Dynamism is essential to a character. The process of their change more often than not ecompasses the entirety of the story and drives its events. 

They can change in many ways. Commonly, they overcome their flaw. But some stories focus on negative change, a deepening of the flaw. Other stories focus on a revelation concerning a hidden nature. Others focus on establishing a relationship between two characters. All of these count as change. 

Change should be directly tied to motivation. Their motivation, and the pursuit of that motivation, is the vehicle that drives their change. I would advise you to steer clear of having a character’s motivation be change. Rather, focus on finding ways to cause change as a result of motivation. Let motivation be a more physical goal, something the character can hold in their hand, so to speak. Let the mental goal follow naturally as a result of achieving the physical goal. 

Indeed, it can be powerful to consider the idea of  ‘change’ as a secondary motivation for your character. But this time, it is not a motivation they are aware of, or at least, it is a motivation they are afraid of admitting. It is something they keep hidden, even from themselves. 

Again, consider Prince Zuko. His flaw is his evildoing. But his motivation is not simply “do good things, instead of evil ones”. His motivation is to capture the protagonist, Aang. This is a physical and definite objective. In the process of doing so, he learns to do good things, and fixes his flaw. 

Not all characters should change. Your protagonist and antagonist, definitely. Their supporting relationships, probably. But everyone else? Most characters in a story are content to exist as they are, and they serve a valuable function in doing so, as a way to induce change in other characters and as a metric for measuring that change.  


Robert McKee, in Story, describes his opinion on  what makes a character interesting, and it is one that resonated well with me. Essentially, McKee argues, characters are interesting when they have contradictions in their nature. The more contradictions, the more interesting. 

For example, take Han Solo, from Star Wars. Han Solo is likeable because of the contradiction inherent to his roguish nature and his heart of gold. The juxtaposition of those two traits is powerfully dynamic.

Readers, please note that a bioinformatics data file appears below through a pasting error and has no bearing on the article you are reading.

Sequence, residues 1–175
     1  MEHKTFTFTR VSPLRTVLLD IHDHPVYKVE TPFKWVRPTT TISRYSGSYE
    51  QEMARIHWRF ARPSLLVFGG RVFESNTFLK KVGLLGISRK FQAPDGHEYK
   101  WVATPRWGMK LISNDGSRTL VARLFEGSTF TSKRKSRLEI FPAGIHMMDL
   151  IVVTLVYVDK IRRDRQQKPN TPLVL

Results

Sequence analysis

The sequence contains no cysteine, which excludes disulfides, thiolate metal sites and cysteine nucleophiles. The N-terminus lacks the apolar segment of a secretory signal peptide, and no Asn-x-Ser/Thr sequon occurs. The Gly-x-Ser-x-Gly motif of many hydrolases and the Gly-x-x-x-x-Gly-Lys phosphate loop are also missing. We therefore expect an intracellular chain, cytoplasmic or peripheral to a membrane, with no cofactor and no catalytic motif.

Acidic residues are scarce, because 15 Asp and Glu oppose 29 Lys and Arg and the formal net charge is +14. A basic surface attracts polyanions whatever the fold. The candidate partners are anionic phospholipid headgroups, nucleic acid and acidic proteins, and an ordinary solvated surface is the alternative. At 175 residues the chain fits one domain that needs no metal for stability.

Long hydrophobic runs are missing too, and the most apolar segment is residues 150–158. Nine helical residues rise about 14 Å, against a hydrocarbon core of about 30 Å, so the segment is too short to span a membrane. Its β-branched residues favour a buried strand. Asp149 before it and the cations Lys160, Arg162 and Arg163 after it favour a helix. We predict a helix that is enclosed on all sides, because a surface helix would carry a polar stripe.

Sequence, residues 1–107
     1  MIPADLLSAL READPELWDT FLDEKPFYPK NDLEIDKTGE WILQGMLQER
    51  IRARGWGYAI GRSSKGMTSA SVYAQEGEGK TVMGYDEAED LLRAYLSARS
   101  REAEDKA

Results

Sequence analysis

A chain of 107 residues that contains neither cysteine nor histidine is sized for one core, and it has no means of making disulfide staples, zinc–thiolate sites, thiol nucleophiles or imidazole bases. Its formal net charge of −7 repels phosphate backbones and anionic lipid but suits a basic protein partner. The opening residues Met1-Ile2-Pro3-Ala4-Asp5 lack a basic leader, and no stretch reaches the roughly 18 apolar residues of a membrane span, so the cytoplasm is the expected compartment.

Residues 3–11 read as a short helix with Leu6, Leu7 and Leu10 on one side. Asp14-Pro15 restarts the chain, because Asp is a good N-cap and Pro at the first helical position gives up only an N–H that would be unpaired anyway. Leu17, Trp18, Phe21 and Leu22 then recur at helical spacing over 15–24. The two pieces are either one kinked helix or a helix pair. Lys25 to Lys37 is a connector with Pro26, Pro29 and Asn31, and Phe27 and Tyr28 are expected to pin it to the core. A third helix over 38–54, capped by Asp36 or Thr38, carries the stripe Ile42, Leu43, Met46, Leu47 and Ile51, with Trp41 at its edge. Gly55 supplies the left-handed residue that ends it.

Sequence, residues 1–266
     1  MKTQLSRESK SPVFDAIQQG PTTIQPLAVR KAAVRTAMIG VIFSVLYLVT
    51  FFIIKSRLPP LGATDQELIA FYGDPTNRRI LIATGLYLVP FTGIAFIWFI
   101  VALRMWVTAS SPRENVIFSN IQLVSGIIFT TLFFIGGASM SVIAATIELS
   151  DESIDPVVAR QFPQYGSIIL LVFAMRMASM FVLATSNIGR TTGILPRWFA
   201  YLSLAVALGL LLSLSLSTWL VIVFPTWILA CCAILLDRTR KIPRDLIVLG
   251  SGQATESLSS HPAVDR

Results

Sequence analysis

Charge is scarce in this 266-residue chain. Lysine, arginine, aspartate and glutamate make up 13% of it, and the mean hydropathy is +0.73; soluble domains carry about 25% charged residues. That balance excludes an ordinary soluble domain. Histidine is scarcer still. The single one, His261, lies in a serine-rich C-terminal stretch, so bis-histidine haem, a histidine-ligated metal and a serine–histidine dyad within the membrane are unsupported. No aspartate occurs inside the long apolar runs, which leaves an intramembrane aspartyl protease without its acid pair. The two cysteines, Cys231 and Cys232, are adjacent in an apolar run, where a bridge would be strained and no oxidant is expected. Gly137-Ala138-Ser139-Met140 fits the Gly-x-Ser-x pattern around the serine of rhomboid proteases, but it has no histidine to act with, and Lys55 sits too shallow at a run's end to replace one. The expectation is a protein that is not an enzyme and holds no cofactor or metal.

Or, consider Snape, from Harry Potter. Snape is far and away the most interesting character in that series, and it is because of his contractions. He’s mean to Harry, but looks after him. He’s stern and cold, but deeply emotional. He (spoilers, but you definitely already know) loves Dumbledore, but kills him. These contractions are fascinating. The reader asks themselves how they came to be, how they could possibly coexist. It makes his character into an intriguing mystery. 

I structure contradictions around two conflicting statements, connected by a “but”. The character is this way, but also the direct opposite way. For main characters, I might have a list of 5 or 6 powerful contradictions. For supporting roles, I keep it to just 1 or 2.  That’s just personal preference, though. 


A relationship with another character is principal to making both characters interesting. Relationships are like the idea of contradictions, above, but in a macro sense. The character is this way, but this other character is that way. Perhaps it’s helpful to think about your story as its own character, and the relationships inside as the contradictions that make it interesting. 

In any case, relationships are useful for a couple of reasons. First, they’re just fun to watch. A dynamic relationship between two characters is more enjoyable than anything else. Two friends with chemistry, working together to solve a problem. A protagonist and an antagonist who respect each other even as they compete. Like contradictions, relationships get more interesting the more opposite two characters are. A character and their foil forced to coexist is the premise of like every buddy cop movie ever made.